Habits Are Mental Pathways

Imagine a hiking trail that develops over many years as thousands of people walk on it. Your thoughts operate in a similar way, and it’s difficult to follow a mental pathway without some initial repetition.

You must turn mindful and compassionate behaviors into patterns when you first start trying to rearrange your life.

This is where the aspect of daily work comes in; people who want to build mindfulness can meditate every day. People who want to be more compassionate can work on building a sense of gratitude and thinking about what they are grateful for each night before bed. At the beginning of your spiritual journey, this stuff is remarkably important. Once the path exists, you may move into something new, or add a new path.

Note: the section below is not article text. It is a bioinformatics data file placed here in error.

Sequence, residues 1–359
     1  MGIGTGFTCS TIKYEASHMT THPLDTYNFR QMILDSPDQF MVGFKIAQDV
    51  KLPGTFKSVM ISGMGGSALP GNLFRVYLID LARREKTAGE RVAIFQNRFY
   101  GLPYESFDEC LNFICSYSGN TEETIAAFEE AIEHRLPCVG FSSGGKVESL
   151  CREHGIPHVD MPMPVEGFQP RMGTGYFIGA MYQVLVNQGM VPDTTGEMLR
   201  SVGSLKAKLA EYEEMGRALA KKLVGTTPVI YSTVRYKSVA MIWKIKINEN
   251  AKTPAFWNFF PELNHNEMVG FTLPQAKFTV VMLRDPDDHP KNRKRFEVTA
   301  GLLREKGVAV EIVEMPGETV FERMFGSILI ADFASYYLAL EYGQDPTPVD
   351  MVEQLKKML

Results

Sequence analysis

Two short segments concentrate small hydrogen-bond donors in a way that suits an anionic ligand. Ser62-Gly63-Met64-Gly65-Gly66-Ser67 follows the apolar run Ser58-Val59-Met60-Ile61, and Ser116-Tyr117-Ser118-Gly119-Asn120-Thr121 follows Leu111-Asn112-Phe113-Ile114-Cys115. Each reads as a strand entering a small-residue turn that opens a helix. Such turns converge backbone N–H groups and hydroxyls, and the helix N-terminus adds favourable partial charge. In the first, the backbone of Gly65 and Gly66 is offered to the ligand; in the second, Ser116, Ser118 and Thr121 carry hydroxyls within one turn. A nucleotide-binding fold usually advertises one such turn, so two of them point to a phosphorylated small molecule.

Some people who meditate stop doing it eventually after the mind has rearranged itself. A lot of people do psychedelic drugs to find some sort of spiritual wisdom and then keep doing them, which is like stomping on a path that already exists under the delusion that you’re making it a more clearly-defined path. Rational thought functions this way; people talk themselves in circles just to try to make a point and end up negating their initial intentions.

Alan Watts said, “Once you get the message, hang up the phone.” Develop peace through habit and then learn when is the appropriate time to break the habit and start off on making a new trail.

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